Monday, December 3, 2007

Discussion: Racehorse breeding and the future of racing

Just a brief note after attending the Washington Thoroughbred Breeders' Sale yesterday...

There is a good and a bad way to sell horses at auction. The variation in prices was absolutely stunning - all the way from "couldn't get a $100 bid" to $24,000 - but it wasn't random. The horses who brought good prices looked like they should. They were excellent weight - fat, shiny, blanketed or body clipped. A real effort had been made to make them look appealing. Whereas a lot of the horses who couldn't get a bid or sold for under $300 looked like crap - furry, poor weight, no muscle tone. In some cases, I don't think anyone had even given them a bath.

I walked through the barns and I saw the owners who were hustling to make sure their horses brought good prices and went to good barns. It was like a horse show - show sheen and baby oil everywhere, clippers running, tails being meticulously picked out. But there were some horses no one had even made the slightest effort with. It was sad. I am not opposed to good quality registered horse sales like these - but get off your dead ass and put some effort into making sure your horse sells well!

(At left, a very nice Tribunal colt who was presented beautifully and, unsurprisingly, brought $14,000. OK, you're allowed to breed. You are putting effort AND thought into it. Thank you!)

One of the most stunning things to me was that it wasn't just open mares that sold badly. Some of the mares in foal sold poorly as well! People, when you're getting $200 for a bred, stakes-winner-producing mare, isn't it time to re-evaluate? Or when you can't get a $100 bid on your weanling? Hey, if you're one of the people who sold multiple horses for $5000+ yesterday, by all means keep breeding. If you couldn't get bids, HELLO! Stop it! Sometimes you have to accept that you're not very good at doing something and maybe in your case it is breeding! Or maybe what you've bred isn't so bad but your management, nutrition, and preparation suck. Either way, you need a new hobby.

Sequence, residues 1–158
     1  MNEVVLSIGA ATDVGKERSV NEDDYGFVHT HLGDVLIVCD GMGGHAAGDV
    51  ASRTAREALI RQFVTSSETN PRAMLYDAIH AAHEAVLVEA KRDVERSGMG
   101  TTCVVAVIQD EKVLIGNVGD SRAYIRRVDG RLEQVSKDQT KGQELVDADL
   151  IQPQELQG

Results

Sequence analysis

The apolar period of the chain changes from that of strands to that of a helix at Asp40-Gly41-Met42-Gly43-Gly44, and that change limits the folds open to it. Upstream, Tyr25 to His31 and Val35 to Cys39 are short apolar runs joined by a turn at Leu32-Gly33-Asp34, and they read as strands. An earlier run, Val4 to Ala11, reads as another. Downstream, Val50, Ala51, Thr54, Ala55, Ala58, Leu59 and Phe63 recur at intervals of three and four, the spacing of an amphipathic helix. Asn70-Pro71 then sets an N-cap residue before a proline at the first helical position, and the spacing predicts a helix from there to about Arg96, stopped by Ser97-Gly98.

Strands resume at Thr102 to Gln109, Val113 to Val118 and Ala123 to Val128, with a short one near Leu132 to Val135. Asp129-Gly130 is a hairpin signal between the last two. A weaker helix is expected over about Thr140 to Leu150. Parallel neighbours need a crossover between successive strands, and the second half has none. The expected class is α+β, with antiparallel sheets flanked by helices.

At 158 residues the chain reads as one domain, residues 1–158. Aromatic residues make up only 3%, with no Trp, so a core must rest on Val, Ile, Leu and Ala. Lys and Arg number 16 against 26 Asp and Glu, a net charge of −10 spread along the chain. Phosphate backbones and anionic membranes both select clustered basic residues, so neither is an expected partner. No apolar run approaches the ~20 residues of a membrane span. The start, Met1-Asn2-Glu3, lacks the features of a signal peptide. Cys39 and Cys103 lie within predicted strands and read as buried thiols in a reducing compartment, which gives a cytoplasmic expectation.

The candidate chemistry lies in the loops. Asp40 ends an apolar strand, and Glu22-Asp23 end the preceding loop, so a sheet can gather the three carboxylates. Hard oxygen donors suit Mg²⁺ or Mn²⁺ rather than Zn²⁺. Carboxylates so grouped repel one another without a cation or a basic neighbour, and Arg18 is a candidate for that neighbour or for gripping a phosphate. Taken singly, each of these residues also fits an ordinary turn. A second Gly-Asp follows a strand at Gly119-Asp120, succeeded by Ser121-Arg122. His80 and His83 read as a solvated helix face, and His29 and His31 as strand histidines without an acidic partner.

You know what else made me sad? All of the crabby, anti-social broodmares. Is it gonna kill you people to buy a 25 pound bag of carrots here and there? Why do all of these mares HATE people? None of my friends have any broodmares that hate people (other horses, yes!). What have you DONE to them? I can see one or two crabby old bats but, man, I only found 2 really sweet ones in the bunch yesterday. (On the plus side, it's easier to say no to the 22 year old when she snaps at your face...though I have to say, she sold OK, I'm not worried about her fate).

(I did want to take home Coffee Nudge. She was very sweet. They have my phone number if the new buyer doesn't want her after they get the baby...)

Now, looking at the bigger picture...let's talk a little about the future of horse racing in general. I've heard (feel free to elaborate if you know more) that the corporation that owns the tracks is in financial trouble. Horse racing, for whatever reason, is not doing too well. Tracks have closed and other tracks are running fewer races, getting fewer entries. (Still, it sure didn't look like production had slowed down. 124 yearlings yesterday!) While I am not anti-racing myself, I do think there have been problems with footing that have resulted in avoidable deaths, and I am 100% flat out opposed to riding yearlings of any breed for any reason, standard practice in racing.

I do think the whole Barbaro thing has created some backlash for the racing industry and perhaps resulted in declining attendance and betting. Public breakdowns are always bad news in any horse discipline, and they do happen more often in the high-performance ones. A couple years ago in L.A., I watched a horse start to have a heart attack on the polo field. I knew he was done and it was actually a pretty fast death. There was no limping to a halt with a shattered, bloody appendage...he just crumpled and was gone. I happened to be up near the audience watching and got to hear the comments. It freaks people out no end. I'm sure they know horses die, on some level, but they don't expect it to happen while they're watching, and their first instinct is to believe some kind of abuse is to blame. There wasn't - in this case it was a fit, sound teenaged gelding who toppled over just like a fit, marathon runner can with no forewarning that anything may be wrong. But people were freaked. I can only imagine how much more freaked they are witnessing a breakdown on the track. I'd hazard a guess it would scare many, many people away from attending a future race. I'm pretty realistic about the fact that horses break down in all disciplines, but I admit I watched those 124 yearlings sell and wondered which of them would be dead in a year.

Racetrack folks, did we always have as many breakdowns as we do now, or is it just that with TV and the Internet, we know about all the breakdowns now? What do you think is the main cause of breakdowns? Is it riding them too early? Poor conditioning? Not giving time off for soreness? Bad conformation to begin with? Are the new polytrack surfaces a real solution or just an attempt to look like we're trying to fix the problem? I'm particularly interested to hear from those of you who have racehorses or work on the do we discourage the overbreeding of low quality Thoroughbreds at the source? Is there a way to increase interest in racing anymore? Is there any way to make racing safer for the horses and reduce the breakdowns?

What do you think?